"I kind of skipped through reading but I think I got the gist of your post." - I can't blame you! I had so much caffeine and adrenaline coursing through me last night that I went nuts with the verbiage. I get so damned wordy in text when I'm hyper.

    Thanks for the words of support, FNI. You gave me some good reassurance on feelings that I had already started to have, like you noticed. I do want to make it clear that when I say "connect" with these 20-25 year old female nurses, I'm not talking about connecting with them, lol. I'm thinking ahead to what the dynamic might be like wherever I start working when I graduate in four months and in my opinion things are always better if you can find something that can help you relate to your coworkers and they to you.

    Thanks again. You hit the nail on the head when you said that I'm not at clinical to make friends. I'm there to network, definitely, but friends? Nah.
  6. by   ILUVERNSG
    Here's the bottom line IMHO:

    Instructor recommendations for getting a job after school are what really matter- as long as you're doing well with the instructors, don't worry about popularity! Passing is all that matters now.

    When you start working as an RN, what will matter to your co-workers will be your abilities, your competency, your professionalism and your ability as a team player.

    Beyond that, nothing else matters. When you start working on a unit and you have some longevity there, you will find that you become part of a 'family'.
    Who knows how many of those besties in school are really going to make it anyway? Just stick with the brainiacs.
  7. by   VetRobRN
    I am 26 and all my classes even before my core classes were all women with kids. I was and still am a father with kids and a girlfriend. Honestly all i see is alot of drama that i dont want to be involved in. I involve myself who as serious as i am about saving lives and putting the patient first. I could care less about anything else. I am here to better myself and my family so i wold honestly do some soul searching to see if this is what you truly want and not about your fellow classmates which you may never see again. good luck and like everyone else has said, "eyes on the prize"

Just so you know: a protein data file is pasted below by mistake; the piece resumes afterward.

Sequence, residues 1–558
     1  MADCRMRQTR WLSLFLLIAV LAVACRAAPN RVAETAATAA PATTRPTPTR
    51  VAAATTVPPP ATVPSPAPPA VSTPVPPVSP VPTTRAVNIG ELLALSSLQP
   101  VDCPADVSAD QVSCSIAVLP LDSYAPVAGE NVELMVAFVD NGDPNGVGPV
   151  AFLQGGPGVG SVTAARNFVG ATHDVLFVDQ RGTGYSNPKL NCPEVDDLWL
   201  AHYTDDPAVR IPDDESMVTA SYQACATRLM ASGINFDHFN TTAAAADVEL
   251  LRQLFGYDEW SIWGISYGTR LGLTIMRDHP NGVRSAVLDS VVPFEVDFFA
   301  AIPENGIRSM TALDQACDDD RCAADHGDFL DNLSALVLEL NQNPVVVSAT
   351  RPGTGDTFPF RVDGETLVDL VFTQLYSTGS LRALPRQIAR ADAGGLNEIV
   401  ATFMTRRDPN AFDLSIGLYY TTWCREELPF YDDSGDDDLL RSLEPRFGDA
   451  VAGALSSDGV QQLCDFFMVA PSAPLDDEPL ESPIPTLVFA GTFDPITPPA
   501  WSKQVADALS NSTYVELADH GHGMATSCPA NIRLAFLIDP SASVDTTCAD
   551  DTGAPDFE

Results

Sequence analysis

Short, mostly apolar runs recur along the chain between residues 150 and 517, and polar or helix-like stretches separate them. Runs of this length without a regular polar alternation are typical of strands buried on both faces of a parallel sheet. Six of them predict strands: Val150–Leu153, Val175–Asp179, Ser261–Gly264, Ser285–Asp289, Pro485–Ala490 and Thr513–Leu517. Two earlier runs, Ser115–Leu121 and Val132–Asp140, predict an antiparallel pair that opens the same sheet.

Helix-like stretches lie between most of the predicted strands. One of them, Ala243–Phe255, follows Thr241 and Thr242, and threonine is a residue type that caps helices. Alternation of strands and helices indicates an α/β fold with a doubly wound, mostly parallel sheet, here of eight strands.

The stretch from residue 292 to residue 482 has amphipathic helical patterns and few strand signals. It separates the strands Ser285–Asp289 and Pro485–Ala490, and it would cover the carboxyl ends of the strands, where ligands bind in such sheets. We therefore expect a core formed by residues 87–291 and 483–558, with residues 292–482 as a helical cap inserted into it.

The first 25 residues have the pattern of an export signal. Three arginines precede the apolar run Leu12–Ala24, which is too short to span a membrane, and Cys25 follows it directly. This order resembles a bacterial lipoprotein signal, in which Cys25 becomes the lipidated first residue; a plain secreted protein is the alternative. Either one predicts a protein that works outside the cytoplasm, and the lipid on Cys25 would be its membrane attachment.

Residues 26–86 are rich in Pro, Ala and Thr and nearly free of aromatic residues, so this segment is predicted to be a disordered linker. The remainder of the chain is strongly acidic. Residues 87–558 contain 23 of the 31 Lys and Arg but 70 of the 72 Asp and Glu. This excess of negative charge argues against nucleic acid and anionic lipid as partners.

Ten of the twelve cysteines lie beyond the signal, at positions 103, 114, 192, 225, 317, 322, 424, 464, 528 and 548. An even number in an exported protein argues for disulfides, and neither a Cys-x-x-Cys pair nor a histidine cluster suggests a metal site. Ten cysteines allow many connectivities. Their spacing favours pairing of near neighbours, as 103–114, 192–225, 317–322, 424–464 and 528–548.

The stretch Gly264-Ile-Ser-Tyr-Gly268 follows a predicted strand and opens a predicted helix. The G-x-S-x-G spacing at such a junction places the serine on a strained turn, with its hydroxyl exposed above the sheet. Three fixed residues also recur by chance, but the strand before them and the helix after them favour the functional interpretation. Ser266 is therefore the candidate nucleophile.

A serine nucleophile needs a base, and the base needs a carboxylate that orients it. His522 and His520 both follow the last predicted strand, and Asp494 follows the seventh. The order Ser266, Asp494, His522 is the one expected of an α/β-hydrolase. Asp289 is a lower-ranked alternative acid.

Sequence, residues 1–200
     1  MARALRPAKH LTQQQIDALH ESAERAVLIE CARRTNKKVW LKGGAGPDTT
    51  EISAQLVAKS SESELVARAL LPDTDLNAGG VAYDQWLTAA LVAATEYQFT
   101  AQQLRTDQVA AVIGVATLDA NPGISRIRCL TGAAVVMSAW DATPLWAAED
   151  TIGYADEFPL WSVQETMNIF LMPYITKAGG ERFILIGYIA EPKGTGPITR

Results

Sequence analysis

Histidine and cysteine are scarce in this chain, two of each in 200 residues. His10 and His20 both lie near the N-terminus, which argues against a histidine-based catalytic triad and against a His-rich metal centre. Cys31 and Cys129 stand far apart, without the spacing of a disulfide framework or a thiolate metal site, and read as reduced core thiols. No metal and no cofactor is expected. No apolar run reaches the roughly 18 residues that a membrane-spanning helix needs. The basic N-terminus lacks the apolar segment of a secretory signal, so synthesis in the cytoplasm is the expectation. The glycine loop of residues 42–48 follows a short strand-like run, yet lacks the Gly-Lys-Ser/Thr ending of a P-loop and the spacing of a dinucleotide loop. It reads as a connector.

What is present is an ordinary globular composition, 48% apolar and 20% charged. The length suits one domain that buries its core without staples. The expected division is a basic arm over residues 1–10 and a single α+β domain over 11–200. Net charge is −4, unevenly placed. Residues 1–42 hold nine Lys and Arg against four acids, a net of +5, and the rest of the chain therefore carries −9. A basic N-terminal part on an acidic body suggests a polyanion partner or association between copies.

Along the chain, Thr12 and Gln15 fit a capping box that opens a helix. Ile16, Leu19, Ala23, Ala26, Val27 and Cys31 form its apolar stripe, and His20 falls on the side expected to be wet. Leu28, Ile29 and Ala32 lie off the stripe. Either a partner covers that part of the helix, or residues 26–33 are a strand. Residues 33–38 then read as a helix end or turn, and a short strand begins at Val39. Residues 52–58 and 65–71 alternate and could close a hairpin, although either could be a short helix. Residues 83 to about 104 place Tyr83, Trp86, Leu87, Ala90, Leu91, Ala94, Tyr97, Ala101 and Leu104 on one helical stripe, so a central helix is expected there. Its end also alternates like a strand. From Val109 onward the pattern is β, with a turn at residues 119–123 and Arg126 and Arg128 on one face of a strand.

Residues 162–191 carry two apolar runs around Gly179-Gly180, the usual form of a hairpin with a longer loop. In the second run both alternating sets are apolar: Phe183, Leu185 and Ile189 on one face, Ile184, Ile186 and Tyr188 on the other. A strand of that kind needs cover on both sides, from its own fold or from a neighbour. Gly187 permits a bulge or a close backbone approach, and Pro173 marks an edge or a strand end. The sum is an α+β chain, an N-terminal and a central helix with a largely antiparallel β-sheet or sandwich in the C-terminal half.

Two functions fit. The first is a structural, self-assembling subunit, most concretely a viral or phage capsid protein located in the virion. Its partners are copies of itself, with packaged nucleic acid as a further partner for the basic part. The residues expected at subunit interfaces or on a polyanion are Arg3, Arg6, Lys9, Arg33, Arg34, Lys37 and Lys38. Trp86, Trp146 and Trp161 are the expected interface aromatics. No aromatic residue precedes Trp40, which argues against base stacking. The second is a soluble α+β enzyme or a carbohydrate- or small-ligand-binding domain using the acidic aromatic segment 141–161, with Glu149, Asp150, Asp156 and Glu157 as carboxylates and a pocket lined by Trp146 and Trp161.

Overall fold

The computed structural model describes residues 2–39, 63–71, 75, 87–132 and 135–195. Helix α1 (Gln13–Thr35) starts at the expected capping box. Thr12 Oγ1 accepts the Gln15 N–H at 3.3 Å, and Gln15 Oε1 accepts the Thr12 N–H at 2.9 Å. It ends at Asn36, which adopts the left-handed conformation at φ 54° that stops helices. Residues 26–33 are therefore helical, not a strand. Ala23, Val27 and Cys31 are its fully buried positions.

8. by   carocam
    What you are experiencing now is actually a great practice run for what it is like to be an RN. Sometimes you work with people you automatically click with and would love to be friends with outside of work. Other times you will be spending 12 long hours, several days a week working side by side with nurses (and other coworkers) that you have nothing in common with. I have been a nurse more than 10 years and trust me there is always common ground to start a conversation with. It helps to be gracious and interested in your fellows, even if you don't plan on inviting them to your wedding. It makes for a better work environment that is more enjoyable and more importantly it is important to have good communication for times when you need to work together quickly and efficiently to provide nursing care. I currently work with a large group of young women in their 20s and I don't have a lot in common with them. Our lives are very different outside of work. I also get along great with all of them. Here is a list of things I talk about with women in their 20s: the weather, where they live in the city we share, favorite restaurants, sleep schedules for night shift work, where they have traveled to, plans for the next holiday, plans for the weekend, future career goals.....and the list goes on. Please go into it with the most open mind you can and you will find with some practice that you can make conversation with a tree stump!
  9. by   Serhilda
    You know what, I decided against a snarky post and I'll be honest with you instead. Yes, you absolutely sound like the problem. Right off the bat you start by assuming half of these men are gay. Ask yourself this honestly, did you ask each and every one of them if they were gay? Did they randomly declare their sexual orientation? Doubtful.

    Have you asked each and every one of these women if they share any of the same interests? I find it VERY suspicious when any man claims women are discussing shoes and hair on a regular basis because as a woman, I've yet to meet a real-life woman that walks and talks like the stereotypes depicted in the media like you've described here. I've found women wearing tons of makeup and hair extensions to actually love video gaming and microbiology. I've found some women who occasionally mention a bad hair day or a new hairstyle they're trying out, which may come across as ALL they talk about if your interactions are extremely limited with them AND you have some conscious or subconscious misogynistic beliefs about young women. Remember that whole confirmation bias you should've learned about back in psychology?

    My advice is to quit making assumptions about people because one day, they'll be your coworkers. If you don't do it for them, do it for yourself because an inability to relate to the majority of your coworkers may be a miserable and lonely experience for you later on.

Must Read Topics


close